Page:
The channel is opened by the neurotransmitter acetylcholine, released from a nearby neuron. When acetylcholine binds to the receptor, which is expressed on the surface of the muscle cell, the gate in the receptor opens and allows the ions sodium (Na+) and potassium (K+) to enter the cell. This causes the muscle cell to undergo depolarisation due to the change in the electrical potential of the cell. This change in the cell causes other channels, which are sensitive to the cell's electrical state (called voltage-gated ion channels) to open. The end-stage of this process is that voltage-gated calcium (Ca2+) channels are stimulated to open, thus leading to muscle contraction.
Like all members of the cys-loop superfamily of ion-channel-linked receptors, the acetylcholine receptor consists of five subunits: two alpha subunits, and a beta, gamma and delta subunit. The five subunits form a ring with a water-filled pore spanning the plasma membrane (see Figure 2). Each subunit contains an M2 alpha-helix which spans the membrane. In the ACh receptor, these helices contain negatively charged amino acids, such as glutamate or aspartate, at each end. This negative charge prevents negatively charged ions (anions) from passing through the channel.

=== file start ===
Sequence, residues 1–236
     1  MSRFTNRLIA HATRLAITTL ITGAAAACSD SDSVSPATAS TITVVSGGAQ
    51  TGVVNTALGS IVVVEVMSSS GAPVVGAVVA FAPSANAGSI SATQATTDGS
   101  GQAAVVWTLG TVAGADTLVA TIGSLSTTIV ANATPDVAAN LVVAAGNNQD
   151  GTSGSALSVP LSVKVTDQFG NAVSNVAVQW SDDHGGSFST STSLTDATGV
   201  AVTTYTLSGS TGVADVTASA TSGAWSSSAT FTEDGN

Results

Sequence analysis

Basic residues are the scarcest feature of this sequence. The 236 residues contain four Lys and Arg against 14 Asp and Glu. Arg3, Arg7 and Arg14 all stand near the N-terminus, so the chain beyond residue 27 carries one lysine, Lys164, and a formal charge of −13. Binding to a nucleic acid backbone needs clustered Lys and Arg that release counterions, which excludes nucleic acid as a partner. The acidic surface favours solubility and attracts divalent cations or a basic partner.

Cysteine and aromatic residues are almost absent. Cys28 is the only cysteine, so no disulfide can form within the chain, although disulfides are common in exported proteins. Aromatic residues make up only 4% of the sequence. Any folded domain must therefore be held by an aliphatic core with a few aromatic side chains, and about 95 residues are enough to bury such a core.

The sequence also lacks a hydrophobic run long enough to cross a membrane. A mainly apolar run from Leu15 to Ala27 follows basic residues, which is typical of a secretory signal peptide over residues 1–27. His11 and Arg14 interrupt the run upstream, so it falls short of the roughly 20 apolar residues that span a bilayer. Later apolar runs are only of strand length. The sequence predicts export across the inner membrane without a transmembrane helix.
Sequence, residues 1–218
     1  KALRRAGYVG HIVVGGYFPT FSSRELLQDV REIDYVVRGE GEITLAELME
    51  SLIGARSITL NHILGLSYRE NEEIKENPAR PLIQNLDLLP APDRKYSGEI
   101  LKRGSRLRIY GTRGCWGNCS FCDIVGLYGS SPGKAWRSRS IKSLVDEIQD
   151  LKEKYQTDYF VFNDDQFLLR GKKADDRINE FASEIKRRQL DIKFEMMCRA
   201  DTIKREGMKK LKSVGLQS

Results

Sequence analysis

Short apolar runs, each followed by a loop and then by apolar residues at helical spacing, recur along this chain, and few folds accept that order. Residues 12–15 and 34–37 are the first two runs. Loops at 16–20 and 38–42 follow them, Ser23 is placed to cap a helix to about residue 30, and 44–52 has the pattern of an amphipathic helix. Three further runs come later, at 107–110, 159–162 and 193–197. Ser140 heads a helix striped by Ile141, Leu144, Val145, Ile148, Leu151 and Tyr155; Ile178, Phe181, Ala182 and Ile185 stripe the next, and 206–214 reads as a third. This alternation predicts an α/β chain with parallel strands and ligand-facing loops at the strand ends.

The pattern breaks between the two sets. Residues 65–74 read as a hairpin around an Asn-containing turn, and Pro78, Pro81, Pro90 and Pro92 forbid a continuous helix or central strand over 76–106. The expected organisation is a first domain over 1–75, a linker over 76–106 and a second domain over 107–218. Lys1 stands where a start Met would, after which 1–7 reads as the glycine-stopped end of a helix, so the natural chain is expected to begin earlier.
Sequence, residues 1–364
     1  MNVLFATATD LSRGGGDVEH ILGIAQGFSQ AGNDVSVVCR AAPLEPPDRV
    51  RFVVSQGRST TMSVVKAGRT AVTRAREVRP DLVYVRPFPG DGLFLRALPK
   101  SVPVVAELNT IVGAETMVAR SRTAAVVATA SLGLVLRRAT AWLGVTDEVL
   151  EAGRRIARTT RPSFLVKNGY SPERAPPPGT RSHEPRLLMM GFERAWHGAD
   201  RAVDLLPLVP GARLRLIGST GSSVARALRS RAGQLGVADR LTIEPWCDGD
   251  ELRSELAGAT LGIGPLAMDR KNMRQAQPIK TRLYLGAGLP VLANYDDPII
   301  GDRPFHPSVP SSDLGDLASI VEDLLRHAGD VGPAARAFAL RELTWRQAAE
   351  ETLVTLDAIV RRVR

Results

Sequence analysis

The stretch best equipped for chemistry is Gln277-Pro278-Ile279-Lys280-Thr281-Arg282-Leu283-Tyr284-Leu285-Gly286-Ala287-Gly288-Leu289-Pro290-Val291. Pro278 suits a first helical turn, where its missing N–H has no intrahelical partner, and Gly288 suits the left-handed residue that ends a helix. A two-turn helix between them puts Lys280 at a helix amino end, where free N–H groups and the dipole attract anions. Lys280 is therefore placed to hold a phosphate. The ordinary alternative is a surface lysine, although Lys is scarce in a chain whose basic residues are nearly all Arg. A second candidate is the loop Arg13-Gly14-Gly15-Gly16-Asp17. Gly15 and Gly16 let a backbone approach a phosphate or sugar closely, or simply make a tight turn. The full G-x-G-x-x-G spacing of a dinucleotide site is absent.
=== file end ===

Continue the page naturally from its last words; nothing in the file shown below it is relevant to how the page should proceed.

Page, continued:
In the "closed" state of the receptor (no ligand bound), these helices point inwards, blocking the channel and stopping ions from passing through (Figures 2c, 3a). Two acetylcholine molecules are required to bind to the receptor for it to open. When the acetylcholine binds, the helices rotate away from the centre of the channel. This causes the channel to open and the positively charged ions can enter the cell (Figures 2c, 3c). However, even when the ligand is bound, the channel switches between its open and closed states, meaning there is also a chance (about 10%) that the receptor will have the ligand bound, but will be closed (Figure 3b). This "occupied and closed" state will also occur if the levels of acetylcholine are high for a very long period of time - in this case, the channel will deactivate itself (also called desensitisation).
The signal for the channel to open is ended when the acetylcholine no longer occupies the receptor. This is acheived by the hydrolysis of acetylcholine by the enzyme acetylcholinesterase. The channel will then return to its closed (resting) state.
Each of these receptors are part of the cys-loop superfamily of receptors. They contain the characteristic five-subunit structure which form a pore through the plasma membrane. However, the channels can be exclusive to different ions - those which let in positive ions (cations) are usually excitatory (they continue the nerve signal), those which let negative ions (anions) through the pore are usually inhibitory (they stop the nerve signal).
Neurotransmitters are very complex, and stimulate several types of receptor. Often one neurotransmitter can activate several different receptors. These receptors are not always ion channel-linked. The most common alternative receptor type is the G-protein coupled receptor (GPCR).
Other ion-channel-linked receptors include: